School to Prison Pipeline
By Lindsay B. – Research Intern
What is the School-to-Prison Pipeline?
The school to prison pipeline is a term used to describe the trend in which students begin school but eventually end up in juvenile and criminal justice systems. The relationship between education and the court systems has led to disciplinary policies that often promote the criminalization of young students. When an education system employs harsh punishments for minor violations, this violent cycle is created. Students are repeatedly over-punished by methods that do not effectively reform their behavior (e.g., in-school suspension, out-of-school suspension); this leads to repeat offenses, which can then lead them to a criminal offense.
How is this process created?
There are numerous aspects that contribute to this process. As an example, let’s consider suspension. When a student is suspended, they are not receiving an education, they are missing in-class work that cannot be made up, and often times they are unsupervised without direction. This process is seen most often in educational institutions with zero-tolerance policies. With zero-tolerance policies, minor offenses that can be resolved at school, lead to harsh punishments such as suspension, expulsion, or even “in-school” arrests. The ACLU¹ explains how students are now being suspended and expelled at higher rates than ever before, and the employment of inexperienced school-resource officers had led to a dramatic increase in “in-school” arrests. While suspension, expulsion, and “in-school” arrests are considered to be “reformative”, they are actually more likely to lead to further disengagement and recklessness of the student. This is because these students often develop a negative view of school, authority, and structure. Many individuals involved in public education actually describe observing a point in which the student would rather be suspended than be at school. At such an impressionable age, these developing, maladaptive behaviors can have large repercussions if not addressed properly.
Zero-tolerance policies, which lead to a disproportionate number of suspensions, expulsions, and “in-school” arrests, end up making it more likely that a student will end up in a juvenile detention center, jail, or prison. In her article², Nicki Lisa Cole, Ph.D., discusses data that suggests that once a student is expelled or suspended, they are more likely to drop out of high school, and more than twice as likely to be arrested while suspended or expelled.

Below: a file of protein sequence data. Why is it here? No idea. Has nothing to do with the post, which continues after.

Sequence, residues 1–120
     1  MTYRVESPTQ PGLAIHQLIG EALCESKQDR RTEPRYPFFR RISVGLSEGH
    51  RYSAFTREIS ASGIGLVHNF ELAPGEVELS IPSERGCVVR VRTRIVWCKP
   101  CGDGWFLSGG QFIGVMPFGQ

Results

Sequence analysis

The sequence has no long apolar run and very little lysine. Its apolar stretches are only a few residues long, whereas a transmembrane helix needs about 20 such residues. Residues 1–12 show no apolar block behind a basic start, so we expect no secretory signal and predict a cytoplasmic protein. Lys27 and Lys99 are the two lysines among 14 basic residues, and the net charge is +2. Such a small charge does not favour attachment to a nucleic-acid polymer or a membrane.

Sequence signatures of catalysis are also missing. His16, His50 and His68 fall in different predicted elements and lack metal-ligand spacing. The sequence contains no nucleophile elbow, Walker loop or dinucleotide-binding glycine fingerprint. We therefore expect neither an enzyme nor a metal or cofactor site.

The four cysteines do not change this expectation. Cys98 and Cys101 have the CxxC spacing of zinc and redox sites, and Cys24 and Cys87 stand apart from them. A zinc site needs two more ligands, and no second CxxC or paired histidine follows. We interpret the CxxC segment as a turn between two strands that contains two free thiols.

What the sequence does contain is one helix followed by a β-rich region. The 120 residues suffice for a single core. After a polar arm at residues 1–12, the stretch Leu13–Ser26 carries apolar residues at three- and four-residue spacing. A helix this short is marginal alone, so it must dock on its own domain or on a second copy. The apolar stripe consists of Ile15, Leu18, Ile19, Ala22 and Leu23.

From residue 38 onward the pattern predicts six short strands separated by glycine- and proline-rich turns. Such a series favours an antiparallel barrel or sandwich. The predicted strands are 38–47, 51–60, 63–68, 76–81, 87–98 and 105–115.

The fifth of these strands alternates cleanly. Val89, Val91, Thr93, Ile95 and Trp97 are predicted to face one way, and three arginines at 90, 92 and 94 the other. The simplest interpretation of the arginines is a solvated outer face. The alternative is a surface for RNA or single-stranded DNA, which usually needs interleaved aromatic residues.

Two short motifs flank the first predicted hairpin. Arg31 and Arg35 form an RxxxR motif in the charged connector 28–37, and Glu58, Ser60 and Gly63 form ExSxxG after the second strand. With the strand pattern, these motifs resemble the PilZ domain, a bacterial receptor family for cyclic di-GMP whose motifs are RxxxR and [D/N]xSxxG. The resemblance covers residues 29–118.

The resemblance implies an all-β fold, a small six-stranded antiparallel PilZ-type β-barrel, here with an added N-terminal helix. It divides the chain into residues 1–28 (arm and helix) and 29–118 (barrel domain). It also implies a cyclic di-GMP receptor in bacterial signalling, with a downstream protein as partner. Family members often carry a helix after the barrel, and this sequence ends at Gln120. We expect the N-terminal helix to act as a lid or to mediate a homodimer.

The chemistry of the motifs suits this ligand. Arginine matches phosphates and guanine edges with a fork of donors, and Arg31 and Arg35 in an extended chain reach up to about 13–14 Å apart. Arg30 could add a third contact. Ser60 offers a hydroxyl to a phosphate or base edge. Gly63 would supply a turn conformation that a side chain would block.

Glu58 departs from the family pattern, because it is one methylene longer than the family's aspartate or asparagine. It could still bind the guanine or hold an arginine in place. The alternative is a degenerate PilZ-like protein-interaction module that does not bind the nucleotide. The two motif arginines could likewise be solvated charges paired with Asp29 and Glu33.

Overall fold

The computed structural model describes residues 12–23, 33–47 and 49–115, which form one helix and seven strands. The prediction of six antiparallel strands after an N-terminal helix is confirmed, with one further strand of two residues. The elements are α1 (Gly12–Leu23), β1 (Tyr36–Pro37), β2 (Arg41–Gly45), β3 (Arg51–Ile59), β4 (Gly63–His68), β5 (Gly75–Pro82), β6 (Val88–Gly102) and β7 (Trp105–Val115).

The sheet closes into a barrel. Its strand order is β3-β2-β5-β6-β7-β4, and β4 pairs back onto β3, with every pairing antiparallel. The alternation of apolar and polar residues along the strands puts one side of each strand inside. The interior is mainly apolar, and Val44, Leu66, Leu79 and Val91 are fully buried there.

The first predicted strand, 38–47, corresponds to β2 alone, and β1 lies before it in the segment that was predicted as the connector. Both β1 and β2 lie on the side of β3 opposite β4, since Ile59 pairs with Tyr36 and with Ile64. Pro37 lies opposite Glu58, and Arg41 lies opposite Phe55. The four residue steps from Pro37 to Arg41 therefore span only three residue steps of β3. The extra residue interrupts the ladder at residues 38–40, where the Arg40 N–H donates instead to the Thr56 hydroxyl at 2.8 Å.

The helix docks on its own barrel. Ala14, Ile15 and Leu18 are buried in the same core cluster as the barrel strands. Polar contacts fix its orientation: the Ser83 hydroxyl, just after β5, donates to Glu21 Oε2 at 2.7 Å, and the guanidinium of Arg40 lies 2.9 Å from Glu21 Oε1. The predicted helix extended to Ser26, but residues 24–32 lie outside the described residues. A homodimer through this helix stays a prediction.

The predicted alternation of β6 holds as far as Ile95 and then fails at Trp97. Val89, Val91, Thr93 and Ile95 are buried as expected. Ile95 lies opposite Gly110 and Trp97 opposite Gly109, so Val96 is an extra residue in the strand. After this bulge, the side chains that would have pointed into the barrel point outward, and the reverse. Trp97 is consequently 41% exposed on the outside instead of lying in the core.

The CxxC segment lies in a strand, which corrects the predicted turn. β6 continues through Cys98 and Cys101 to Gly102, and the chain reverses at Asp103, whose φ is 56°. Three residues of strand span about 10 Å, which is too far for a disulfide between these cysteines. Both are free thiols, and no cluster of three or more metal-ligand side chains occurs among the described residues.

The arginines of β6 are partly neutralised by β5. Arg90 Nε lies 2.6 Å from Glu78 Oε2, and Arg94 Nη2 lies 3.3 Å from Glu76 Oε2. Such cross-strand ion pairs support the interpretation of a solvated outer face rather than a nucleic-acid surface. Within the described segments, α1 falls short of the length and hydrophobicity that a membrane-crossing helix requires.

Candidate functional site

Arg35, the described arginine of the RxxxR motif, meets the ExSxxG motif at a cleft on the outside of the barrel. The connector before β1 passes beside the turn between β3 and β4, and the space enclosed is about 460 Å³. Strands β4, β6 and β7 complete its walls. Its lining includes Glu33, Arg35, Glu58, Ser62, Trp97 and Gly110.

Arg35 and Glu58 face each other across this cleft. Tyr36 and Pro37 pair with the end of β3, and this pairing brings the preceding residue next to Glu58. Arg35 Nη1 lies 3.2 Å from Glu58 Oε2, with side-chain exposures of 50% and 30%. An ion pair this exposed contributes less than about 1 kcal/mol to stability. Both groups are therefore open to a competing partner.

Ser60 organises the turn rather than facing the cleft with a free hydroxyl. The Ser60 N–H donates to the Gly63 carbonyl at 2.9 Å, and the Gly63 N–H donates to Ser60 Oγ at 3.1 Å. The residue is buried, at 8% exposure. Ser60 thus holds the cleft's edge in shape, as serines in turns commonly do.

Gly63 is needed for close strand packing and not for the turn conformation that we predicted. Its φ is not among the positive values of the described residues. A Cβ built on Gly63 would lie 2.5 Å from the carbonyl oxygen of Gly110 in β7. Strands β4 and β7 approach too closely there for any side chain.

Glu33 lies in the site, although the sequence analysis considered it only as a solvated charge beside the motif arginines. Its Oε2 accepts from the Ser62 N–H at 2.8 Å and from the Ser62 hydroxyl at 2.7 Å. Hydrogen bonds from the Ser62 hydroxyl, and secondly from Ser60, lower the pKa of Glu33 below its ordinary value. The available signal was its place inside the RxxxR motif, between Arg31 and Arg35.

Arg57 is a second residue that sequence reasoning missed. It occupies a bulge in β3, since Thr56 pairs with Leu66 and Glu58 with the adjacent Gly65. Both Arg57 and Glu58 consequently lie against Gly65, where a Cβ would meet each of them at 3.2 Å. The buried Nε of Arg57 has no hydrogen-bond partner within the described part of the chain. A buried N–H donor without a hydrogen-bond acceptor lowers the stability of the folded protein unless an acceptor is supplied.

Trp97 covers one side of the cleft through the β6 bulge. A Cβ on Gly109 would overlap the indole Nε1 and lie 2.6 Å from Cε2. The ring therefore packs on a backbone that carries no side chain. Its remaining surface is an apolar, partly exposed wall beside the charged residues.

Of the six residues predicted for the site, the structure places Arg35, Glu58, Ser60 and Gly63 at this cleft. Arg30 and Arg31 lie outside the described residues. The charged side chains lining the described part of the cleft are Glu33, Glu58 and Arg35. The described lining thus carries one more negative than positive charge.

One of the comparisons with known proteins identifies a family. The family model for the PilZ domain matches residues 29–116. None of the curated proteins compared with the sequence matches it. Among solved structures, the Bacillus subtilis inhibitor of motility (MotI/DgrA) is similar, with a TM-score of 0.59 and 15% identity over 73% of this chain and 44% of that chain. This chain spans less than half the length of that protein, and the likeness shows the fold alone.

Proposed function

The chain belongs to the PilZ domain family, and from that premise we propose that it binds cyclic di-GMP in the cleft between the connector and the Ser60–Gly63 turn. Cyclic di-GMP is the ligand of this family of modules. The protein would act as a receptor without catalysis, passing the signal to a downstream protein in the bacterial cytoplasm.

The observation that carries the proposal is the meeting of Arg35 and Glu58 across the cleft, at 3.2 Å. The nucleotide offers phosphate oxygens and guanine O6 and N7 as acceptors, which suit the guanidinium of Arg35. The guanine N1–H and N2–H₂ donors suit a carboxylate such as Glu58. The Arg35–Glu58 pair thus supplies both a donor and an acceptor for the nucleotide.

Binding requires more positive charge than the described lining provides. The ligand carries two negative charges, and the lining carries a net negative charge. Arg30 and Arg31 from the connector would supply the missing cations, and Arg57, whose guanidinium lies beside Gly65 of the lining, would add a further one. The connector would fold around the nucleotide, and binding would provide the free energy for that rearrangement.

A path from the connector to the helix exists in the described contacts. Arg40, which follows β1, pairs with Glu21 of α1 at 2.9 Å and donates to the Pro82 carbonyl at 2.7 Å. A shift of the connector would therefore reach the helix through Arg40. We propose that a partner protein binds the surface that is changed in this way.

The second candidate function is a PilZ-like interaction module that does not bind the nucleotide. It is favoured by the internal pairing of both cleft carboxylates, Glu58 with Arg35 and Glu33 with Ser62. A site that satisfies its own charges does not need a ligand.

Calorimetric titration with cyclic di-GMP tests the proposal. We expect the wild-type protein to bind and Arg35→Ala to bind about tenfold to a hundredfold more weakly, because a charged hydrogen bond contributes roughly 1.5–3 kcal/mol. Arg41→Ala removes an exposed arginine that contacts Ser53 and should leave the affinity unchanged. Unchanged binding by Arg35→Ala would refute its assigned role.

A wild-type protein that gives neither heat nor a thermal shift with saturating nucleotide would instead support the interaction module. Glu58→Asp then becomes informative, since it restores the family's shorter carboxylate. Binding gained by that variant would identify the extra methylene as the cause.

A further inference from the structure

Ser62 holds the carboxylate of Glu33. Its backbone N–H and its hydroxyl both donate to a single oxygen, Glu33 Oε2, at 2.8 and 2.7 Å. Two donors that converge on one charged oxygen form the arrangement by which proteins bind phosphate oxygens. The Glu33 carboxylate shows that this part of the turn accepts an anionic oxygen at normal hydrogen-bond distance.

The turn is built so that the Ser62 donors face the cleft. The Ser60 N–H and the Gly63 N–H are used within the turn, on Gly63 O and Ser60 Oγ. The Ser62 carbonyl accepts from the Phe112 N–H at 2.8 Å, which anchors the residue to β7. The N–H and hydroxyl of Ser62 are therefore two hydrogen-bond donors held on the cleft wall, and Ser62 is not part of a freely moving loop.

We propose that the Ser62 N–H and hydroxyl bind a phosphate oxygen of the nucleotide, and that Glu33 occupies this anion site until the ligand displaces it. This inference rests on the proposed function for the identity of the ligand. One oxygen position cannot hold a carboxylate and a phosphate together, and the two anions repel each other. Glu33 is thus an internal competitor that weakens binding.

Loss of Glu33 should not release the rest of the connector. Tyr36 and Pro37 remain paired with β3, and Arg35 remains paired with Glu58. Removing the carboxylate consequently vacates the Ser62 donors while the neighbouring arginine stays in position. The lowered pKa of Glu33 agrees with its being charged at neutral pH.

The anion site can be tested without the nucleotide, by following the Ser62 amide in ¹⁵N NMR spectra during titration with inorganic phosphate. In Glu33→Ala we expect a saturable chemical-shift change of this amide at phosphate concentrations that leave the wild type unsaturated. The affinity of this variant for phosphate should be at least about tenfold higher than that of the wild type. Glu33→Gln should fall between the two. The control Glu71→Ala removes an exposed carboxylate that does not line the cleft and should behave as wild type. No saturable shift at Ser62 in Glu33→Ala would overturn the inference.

Why is the School-to-Prison Pipeline a Problem?
There are obvious reasons as to why this is a problem, along with many covert reasons. Firstly, when students are left unsupervised and without structure, they are more likely to act out. Zero-tolerance policies promote the use of harsh punishment over redirection and reform, which is simply not effective.
More concerningly, the school-to-prison pipeline is observed primarily in disadvantaged communities and in schools that lack resources and funding. In many underfunded school districts, school-resource officers are employed in an attempt to maintain control, due to a lack of other resources such as ample staff and mental health counselors. The employment of school-resource officers has contributed largely to the school-to-prison pipeline, especially in regards to students of color, disabled students, and LGBTQ+ students. For example, the National Education Association³ explains that Black and Latino students are suspended far more often than white students; this is not because these students are inherently worse behaved, but rather that they are monitored and targeted due to racial biases.
Court involvement, juvenile detention, and alternative schools serve to provide an easy fix for the school, but not the student. It is more important to help students learn from their mistakes than to punish them. In an attempt to break this school-to-prison cycle, restorative practices are now being employed to help address the root of disciplinary offenses, as opposed to harsh punishment.